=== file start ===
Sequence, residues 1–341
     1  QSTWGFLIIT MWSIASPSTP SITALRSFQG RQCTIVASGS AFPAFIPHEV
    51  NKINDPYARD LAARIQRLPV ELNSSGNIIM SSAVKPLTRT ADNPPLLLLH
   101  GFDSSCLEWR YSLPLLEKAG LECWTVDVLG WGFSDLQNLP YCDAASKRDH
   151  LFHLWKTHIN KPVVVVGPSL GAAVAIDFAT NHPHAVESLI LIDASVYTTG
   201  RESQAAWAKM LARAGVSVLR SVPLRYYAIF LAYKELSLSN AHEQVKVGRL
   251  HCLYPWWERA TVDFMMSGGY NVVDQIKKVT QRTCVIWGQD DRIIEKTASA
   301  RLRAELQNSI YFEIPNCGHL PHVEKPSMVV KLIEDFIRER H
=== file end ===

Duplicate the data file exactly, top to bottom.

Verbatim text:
Sequence, residues 1–341
     1  QSTWGFLIIT MWSIASPSTP SITALRSFQG RQCTIVASGS AFPAFIPHEV
    51  NKINDPYARD LAARIQRLPV ELNSSGNIIM SSAVKPLTRT ADNPPLLLLH
   101  GFDSSCLEWR YSLPLLEKAG LECWTVDVLG WGFSDLQNLP YCDAASKRDH
   151  LFHLWKTHIN KPVVVVGPSL GAAVAIDFAT NHPHAVESLI LIDASVYTTG
   201  RESQAAWAKM LARAGVSVLR SVPLRYYAIF LAYKELSLSN AHEQVKVGRL
   251  HCLYPWWERA TVDFMMSGGY NVVDQIKKVT QRTCVIWGQD DRIIEKTASA
   301  RLRAELQNSI YFEIPNCGHL PHVEKPSMVV KLIEDFIRER H